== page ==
“You can’t share that your son is an addict because of the stigma,” she said. “The way people think about you. We didn’t want people to think that we were bad parents and that’s why our son ended up where he was.”
As a school teacher, she didn’t want parents to say they didn’t want their kids in her class because her son is addicted to drugs, and “there must be something wrong with her,” she said.
Mary Jo McMillen, with the Utah Support Advocates for Recovery Awareness, said a lot of times, families are frustrated with the stealing, the lying, or the arrests, or they used again.
“So many times, they are so hopeless,” McMillen said. “They are very powerless over stopping a runaway train, which is addiction.”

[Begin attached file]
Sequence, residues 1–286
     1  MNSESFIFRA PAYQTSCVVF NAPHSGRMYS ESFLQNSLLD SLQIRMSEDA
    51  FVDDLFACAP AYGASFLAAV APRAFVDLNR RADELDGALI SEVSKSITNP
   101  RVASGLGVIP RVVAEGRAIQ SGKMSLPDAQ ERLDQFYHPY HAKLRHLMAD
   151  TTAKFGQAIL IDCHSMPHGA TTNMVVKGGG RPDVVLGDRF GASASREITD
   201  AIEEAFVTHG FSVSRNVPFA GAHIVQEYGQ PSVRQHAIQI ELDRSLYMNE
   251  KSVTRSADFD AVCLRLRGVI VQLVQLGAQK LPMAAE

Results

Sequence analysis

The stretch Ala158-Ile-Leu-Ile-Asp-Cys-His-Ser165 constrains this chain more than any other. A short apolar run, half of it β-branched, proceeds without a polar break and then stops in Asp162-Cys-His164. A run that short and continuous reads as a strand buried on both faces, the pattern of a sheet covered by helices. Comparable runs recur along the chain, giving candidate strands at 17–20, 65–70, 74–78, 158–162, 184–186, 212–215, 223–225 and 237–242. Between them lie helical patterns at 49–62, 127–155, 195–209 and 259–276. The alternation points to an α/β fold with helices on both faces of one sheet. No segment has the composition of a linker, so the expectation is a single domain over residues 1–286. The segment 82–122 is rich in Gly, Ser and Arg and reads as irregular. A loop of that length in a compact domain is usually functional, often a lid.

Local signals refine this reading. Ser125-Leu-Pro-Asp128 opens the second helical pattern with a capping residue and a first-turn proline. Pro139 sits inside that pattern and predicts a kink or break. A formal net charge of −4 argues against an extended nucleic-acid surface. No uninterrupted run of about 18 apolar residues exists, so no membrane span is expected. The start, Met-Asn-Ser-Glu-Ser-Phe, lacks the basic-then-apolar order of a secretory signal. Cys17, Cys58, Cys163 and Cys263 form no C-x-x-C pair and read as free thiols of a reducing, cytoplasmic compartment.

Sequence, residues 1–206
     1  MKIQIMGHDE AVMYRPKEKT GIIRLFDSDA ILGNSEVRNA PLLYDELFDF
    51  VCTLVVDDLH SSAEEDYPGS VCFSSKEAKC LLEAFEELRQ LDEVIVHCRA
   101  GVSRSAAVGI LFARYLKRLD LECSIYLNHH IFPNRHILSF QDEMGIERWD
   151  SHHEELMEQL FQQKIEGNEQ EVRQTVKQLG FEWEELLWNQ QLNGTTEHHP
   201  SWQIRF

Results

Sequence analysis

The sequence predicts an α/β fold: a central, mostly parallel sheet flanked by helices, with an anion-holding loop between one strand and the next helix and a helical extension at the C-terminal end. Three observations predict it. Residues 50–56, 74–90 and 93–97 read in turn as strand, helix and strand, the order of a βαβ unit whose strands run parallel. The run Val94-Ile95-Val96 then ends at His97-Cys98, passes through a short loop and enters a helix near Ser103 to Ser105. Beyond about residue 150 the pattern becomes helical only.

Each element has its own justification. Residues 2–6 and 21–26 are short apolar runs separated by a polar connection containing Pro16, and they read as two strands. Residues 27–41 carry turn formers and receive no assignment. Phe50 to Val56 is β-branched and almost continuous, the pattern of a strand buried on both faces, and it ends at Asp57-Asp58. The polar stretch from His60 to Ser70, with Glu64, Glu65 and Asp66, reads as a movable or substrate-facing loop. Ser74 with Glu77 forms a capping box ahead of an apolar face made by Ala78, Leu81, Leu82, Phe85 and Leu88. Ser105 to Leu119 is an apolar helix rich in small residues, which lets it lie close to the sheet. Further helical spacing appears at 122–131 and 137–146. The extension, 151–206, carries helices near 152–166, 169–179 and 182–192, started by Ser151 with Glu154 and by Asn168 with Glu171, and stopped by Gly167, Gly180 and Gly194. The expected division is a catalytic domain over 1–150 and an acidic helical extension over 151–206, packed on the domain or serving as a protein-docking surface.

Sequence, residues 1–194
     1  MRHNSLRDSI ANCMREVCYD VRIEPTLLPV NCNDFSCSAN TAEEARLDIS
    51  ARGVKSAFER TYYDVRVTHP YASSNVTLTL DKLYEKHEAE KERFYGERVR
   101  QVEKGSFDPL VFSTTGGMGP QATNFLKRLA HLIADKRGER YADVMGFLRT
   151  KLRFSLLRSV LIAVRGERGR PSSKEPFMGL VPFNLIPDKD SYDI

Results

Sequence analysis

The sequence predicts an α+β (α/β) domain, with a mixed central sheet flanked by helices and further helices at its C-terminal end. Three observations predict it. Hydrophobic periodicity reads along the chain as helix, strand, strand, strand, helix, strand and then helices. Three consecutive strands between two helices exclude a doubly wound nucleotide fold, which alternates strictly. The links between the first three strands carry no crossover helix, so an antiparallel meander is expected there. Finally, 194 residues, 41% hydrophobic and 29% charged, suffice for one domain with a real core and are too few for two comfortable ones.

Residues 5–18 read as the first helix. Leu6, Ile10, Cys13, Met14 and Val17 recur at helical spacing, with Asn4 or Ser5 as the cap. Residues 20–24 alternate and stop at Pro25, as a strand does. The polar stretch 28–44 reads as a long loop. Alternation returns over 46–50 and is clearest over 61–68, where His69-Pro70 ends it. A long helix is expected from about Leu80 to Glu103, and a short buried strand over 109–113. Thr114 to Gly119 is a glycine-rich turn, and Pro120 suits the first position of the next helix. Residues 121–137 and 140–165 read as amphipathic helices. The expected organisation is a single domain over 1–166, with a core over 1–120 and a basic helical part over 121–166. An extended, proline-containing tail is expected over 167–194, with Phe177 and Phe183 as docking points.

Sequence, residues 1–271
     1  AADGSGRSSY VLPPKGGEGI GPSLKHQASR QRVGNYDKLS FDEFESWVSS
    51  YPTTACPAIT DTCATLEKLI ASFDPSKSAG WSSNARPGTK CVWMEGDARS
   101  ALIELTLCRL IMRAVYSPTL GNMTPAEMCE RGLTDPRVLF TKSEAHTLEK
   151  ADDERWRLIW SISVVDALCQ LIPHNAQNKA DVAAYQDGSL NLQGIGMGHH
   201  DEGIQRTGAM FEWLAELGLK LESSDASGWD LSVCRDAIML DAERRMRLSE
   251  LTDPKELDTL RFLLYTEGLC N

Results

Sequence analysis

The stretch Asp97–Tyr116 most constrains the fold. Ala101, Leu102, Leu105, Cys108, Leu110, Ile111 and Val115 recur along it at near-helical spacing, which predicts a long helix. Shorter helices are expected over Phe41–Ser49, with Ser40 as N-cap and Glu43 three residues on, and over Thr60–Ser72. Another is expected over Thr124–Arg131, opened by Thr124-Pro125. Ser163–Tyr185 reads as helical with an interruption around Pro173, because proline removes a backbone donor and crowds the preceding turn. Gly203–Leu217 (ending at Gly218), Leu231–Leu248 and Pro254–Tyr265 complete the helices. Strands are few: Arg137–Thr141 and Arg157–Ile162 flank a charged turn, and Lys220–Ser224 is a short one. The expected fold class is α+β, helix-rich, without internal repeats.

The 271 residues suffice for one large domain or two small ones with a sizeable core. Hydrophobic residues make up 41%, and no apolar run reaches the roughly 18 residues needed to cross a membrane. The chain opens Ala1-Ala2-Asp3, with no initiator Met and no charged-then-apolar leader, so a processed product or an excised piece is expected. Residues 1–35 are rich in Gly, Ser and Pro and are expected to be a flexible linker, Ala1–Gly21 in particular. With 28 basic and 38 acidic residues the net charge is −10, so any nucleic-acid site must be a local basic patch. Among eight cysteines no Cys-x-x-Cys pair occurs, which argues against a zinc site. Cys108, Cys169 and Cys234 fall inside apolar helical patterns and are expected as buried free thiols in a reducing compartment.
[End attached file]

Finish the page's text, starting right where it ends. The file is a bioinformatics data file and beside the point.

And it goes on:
A lot of times, when family members call treatment centers, they are told to have the person who has the addiction give them a call, McMillen said.
Through family therapy, they talk about addiction as a disease. The focus is on the family, not the addict.
“It's the family member who's ready to get support at that point, and that's where we really need to, I believe, bring the family into the support system; because once we have the family supported, I think we stand a better chance and an opportunity to reach the person who is addicted.”
“Family group is about us,” Darlene Shultz said. “How we can find happiness in our lives again because it’s very hard to go through.”
McMillen recommends family members take care of themselves because the stress of dealing with someone with addiction can be very stressful.
“If you do that, you will be in a better place to act when your loved one may indicate, ‘OK, I’m ready to get help,’” she said.
It’s like when parents travel by plane with children. Emergency procedures say in case of a loss in cabin pressure, parents should put an oxygen mask on themselves first, and then help their child.
Derek Hinton and Niten Mondragon are both former heroin addicts, and they said they both were consumed by the isolating addiction.